Disregard the glowing reviews and eight-minute standing ovations. What really adds fuel to film festival publicity fires are the boos, the walkouts, the affected twitter rants, the ensuing backlashes, and counter-backlashes, and so on. One of the most recent to generate such heat is an adaptation of Jerzy Kosiński’s divisive 1965 novel The Painted Bird, a not-enormous work of historical fiction that has been turned into a nearly three-hour epic of the same name. Presented in black and white, it tells the story of one boy’s horrific odyssey through Eastern Europe during World War II where he is faced with events grisly enough to provoke what The Hollywood Reporter, amongst others, reported as “mass walkouts” when it played in Venice and Toronto earlier this season.
But what in the world ruffled all those feathers? Bird was adapted and directed by Václav Marhoul, a Prague-born actor and filmmaker whose previous work behind the camera has consisted of a Raymond Chandler homage titled Mazanÿ Filip (2003) and, more notably perhaps, the 2008 film Tobruk, which followed a Czech soldier’s growing sense of disillusionment during that WWII siege. The Painted Bird, another film very much about disillusionment and war, stars young Petr Kotlar as the novel’s unnamed, ethnically and religiously vague, and almost mute boy who acts as our witness to all the oncoming depravity.
The director fires a portentous early warning shot with his opening sequence, in which Kotlar’s boy is shown running through a forest cradling his pet ferret. Giving chase is a pack of delinquent youths who eventually catch him and give him a kicking before setting his furry friend on fire. The camera lingers as the poor thing writhes and squeals. This kind of abject cruelty is rampant in The Painted Bird and liberally exchanged: between man (and in this film it is mostly–if not always–men) and man; man and beast; beast and beast. War is hell, Marhoul wants to remind us, and when the chips are down we humans are not always as evolved as we would like to think.
From here the director moves his film into chapters, each named for a character in the relative sequence. The story continues on the boy’s family farm: a brutal looking place where the well bucket sways with all the promise of a hangman’s noose (Vladimír Smutný’s bleak cinematography, while often marvelous, hits a high watermark here). Upon finding his mother dead in her rocking chair, the boy accidentally sets the place alight, thus beginning a series of misfortunes that will take him from an early gig as a witchdoctor’s assistant to grafting at the mill of a violently abusive man (Udo Kier) to, much later, catching fish for a lonely nymphomaniac–amongst other things. Other acquaintances come in the form of S.S. officers, a pedophile, and cornea-threatening ravens.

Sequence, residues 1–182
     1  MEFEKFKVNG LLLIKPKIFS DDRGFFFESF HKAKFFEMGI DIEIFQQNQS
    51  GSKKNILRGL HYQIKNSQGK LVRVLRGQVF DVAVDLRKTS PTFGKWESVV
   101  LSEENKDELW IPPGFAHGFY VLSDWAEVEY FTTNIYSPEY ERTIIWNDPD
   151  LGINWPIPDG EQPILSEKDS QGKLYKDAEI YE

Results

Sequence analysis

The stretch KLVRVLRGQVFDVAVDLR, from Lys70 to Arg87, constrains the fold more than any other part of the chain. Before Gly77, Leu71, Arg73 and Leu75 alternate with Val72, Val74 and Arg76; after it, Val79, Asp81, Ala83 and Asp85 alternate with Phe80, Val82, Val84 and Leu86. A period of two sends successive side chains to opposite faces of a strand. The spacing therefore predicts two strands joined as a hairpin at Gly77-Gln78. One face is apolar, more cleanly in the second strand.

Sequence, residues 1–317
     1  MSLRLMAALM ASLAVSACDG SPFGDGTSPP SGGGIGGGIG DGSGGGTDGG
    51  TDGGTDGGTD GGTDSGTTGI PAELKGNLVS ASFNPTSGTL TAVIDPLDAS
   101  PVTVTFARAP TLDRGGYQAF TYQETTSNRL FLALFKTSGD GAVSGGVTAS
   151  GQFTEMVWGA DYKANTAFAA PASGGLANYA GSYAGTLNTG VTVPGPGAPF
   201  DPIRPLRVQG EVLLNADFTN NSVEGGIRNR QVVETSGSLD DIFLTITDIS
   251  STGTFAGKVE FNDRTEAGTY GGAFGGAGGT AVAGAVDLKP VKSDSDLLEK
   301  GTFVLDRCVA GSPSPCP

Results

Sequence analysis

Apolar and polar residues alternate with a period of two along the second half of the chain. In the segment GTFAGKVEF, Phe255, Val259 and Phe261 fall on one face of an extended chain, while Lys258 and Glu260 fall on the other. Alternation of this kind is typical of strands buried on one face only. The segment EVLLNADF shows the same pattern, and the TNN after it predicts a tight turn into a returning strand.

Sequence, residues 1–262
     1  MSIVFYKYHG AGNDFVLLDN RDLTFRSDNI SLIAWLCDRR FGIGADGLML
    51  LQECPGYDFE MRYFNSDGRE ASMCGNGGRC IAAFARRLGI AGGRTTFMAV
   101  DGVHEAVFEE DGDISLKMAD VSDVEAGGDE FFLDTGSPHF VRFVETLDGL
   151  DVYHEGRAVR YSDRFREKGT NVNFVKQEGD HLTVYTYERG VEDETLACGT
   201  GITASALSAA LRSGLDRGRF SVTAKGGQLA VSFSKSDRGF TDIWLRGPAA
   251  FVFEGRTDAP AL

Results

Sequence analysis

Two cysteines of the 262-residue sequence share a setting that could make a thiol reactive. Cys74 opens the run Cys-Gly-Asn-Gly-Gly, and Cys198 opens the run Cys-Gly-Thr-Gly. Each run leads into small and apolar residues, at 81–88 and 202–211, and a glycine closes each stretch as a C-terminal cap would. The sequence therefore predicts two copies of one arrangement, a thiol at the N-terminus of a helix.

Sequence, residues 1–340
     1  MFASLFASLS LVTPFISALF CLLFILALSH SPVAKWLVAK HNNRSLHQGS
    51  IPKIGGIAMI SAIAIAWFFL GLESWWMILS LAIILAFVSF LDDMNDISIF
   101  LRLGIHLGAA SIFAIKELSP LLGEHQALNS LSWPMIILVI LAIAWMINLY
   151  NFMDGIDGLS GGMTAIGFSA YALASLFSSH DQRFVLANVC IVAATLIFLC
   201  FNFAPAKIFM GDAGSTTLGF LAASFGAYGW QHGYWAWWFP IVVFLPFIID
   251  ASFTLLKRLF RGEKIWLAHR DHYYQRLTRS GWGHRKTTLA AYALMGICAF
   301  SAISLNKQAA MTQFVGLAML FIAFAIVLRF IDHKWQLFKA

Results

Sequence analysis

Every time our beleaguered guide feels he is out, they dragggg him back in and it is through this relentlessness that Painted Bird forgoes much of its authority. The opening exchanges promise much, like a grueling if obvious update on Elem Klimov’s Come and See–a film that shredded more nerves, it should be said, with an image of two children wading through neck-high mud than Bird musters in all its countless depravities. (The most abhorrent involve gouged eyeballs, bestiality, and a bottle that is used to rape a woman before being smashed inside her.) But the film becomes crass in this faux-macho oneupmanship as if taunting the viewer’s endurance. Can you take it? Don’t you want to see what happens next?
Yes, it is a gratuitous film about a gratuitous time but one with little interest in humanity, which is surely the reason why those early festival viewers deemed their time could be better spent on other things. The film’s reliance on shock and its disinterest in basic empathy ultimately combine to trivialize the fictional events Kosiński depicted in his book–which, coming as they did from a Jewish-born Polish man who, as a boy, had survived the war, are believed to have been based in some way on experience (although Kosiński’s credibility has not gone unquestioned over the years). Famous actors appear in the few sympathetic roles (Stellan Skarsgård as the token good Nazi, Harvey Keitel as a naive but decent priest) while the villainous ones are played with only exaggerated menace. Like a horror movie, many of the shocks are signposted with basic Chekhovian clarity.
Given the obvious solemnity of the subject (a mood which the film appears to take as a given and not something that must be earned), it is hard to fully appreciate The Painted Bird in either way; it is just too serious a film to be taken lightly and too silly a film to be taken seriously. It makes one wonder: what exactly does that leave?
The Painted Bird screened at Thessaloniki International Film Festival and opens on July 17.